After “Pride of the Village” and “Mountjoy”, I assumed that another love story would just drive me crazy. But, here I am in complete insanity ready to talk abut the first 80 lines of Evangeline by Henry Wadsworth Longfellow (and of course the prelude).
Without further ado, The quote:
“Neither locks had they to their doors, nor bars to their windows; But their dwellings were open as day and the hearts of the owners”
This is speaking about the village of Grande-Pré. This Acadian settlement was apparently, beautiful. No Locked Doors? No barred windows? This basically means there was no fear of robbery. Maybe, even no fear of anything else. They literally lived in a land of gumdrops and lollipops (if they had lollipops). Soo…. This is where our story will take place. In this mysic town with the children playing, the priests blessing, and young Evangeline living on her farm, her father being a wealthy farmer.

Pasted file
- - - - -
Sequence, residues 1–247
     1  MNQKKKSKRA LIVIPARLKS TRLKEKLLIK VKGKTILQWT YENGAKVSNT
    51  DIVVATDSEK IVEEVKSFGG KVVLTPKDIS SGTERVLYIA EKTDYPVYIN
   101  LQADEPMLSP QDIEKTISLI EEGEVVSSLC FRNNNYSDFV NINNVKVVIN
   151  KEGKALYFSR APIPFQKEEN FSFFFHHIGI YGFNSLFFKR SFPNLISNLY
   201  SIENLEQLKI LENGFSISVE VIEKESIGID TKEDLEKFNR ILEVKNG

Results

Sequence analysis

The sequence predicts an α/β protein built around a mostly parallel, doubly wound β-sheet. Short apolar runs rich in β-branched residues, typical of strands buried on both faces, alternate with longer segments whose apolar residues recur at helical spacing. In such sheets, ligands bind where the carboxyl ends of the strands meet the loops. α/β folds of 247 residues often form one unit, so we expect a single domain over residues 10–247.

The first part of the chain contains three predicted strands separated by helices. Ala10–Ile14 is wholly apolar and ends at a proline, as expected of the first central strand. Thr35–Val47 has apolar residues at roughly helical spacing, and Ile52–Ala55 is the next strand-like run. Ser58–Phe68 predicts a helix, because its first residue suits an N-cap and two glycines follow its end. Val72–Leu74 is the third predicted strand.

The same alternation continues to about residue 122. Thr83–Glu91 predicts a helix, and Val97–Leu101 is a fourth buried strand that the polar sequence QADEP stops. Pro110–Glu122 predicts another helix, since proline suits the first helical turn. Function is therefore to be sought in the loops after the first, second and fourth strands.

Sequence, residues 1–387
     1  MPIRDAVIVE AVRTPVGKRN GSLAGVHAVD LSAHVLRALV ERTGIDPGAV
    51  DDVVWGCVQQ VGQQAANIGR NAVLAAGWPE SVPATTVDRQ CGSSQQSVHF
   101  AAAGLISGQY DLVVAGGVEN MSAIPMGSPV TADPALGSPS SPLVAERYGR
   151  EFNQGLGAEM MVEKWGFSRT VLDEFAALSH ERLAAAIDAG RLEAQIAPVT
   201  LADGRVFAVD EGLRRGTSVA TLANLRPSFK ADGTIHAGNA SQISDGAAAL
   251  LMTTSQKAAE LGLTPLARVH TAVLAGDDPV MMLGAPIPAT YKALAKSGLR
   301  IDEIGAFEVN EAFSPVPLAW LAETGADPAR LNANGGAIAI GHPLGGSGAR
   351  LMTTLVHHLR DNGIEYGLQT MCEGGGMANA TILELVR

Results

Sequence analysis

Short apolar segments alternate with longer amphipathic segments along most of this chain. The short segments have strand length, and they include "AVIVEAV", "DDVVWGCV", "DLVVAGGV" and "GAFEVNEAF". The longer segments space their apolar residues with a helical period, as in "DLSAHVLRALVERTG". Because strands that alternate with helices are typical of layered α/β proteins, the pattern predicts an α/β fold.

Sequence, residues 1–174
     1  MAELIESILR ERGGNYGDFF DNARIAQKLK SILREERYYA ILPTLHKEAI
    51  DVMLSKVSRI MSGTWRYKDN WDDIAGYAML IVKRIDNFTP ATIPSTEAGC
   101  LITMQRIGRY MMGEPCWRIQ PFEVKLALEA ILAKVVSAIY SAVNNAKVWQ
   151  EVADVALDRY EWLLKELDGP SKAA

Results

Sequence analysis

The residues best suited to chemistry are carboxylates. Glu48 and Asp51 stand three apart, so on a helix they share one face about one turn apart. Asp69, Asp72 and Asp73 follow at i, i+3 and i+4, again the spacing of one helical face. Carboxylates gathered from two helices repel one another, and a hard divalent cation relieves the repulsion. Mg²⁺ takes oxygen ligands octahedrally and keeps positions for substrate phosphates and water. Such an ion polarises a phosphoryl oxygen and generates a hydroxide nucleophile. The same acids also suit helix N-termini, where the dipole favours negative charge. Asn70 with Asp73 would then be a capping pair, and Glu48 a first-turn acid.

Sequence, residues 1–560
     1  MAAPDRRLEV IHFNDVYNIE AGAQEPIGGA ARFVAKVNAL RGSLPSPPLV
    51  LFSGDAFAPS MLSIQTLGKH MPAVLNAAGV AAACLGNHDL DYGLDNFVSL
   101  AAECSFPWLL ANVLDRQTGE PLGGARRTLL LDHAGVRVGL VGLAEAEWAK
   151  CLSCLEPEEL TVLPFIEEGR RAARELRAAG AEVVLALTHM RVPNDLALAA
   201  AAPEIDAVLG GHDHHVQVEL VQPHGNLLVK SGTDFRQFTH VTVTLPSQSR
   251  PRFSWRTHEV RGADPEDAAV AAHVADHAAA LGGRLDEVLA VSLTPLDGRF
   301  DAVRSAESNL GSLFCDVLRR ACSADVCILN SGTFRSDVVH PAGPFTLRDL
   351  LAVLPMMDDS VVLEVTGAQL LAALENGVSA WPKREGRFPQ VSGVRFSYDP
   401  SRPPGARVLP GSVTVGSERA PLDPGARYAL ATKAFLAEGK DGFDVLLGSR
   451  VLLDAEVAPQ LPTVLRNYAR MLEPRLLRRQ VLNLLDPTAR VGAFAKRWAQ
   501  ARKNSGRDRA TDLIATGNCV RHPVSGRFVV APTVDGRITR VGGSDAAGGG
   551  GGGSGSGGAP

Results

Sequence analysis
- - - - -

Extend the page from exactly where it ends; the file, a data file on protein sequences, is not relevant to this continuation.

“Somewhat apart from the village, and nearer the Basin of Minas,
Benedict Bellefontaine, the wealthiest farmer of Grand-Pré,
Dwelt on his goodly acres; and with him, directing his household,
Gentle Evangeline lived, his child, and the pride of the village.”
We can see here that so far, Evangeline is well off. She is living on the wealthiest farm, and is the pride of the village. The Pride of The Village. Well, the last story we read about a Pride of a Village didn’t end very pleasantly. are these two stories connected? Only one way to find out. Also, her father seems to be known as a good man judging by this, but maybe (him being the wealthiest), there was envy over him.
Well, thats the End.
Bye! (Like, Follow, Comment, Bla Bla Bla)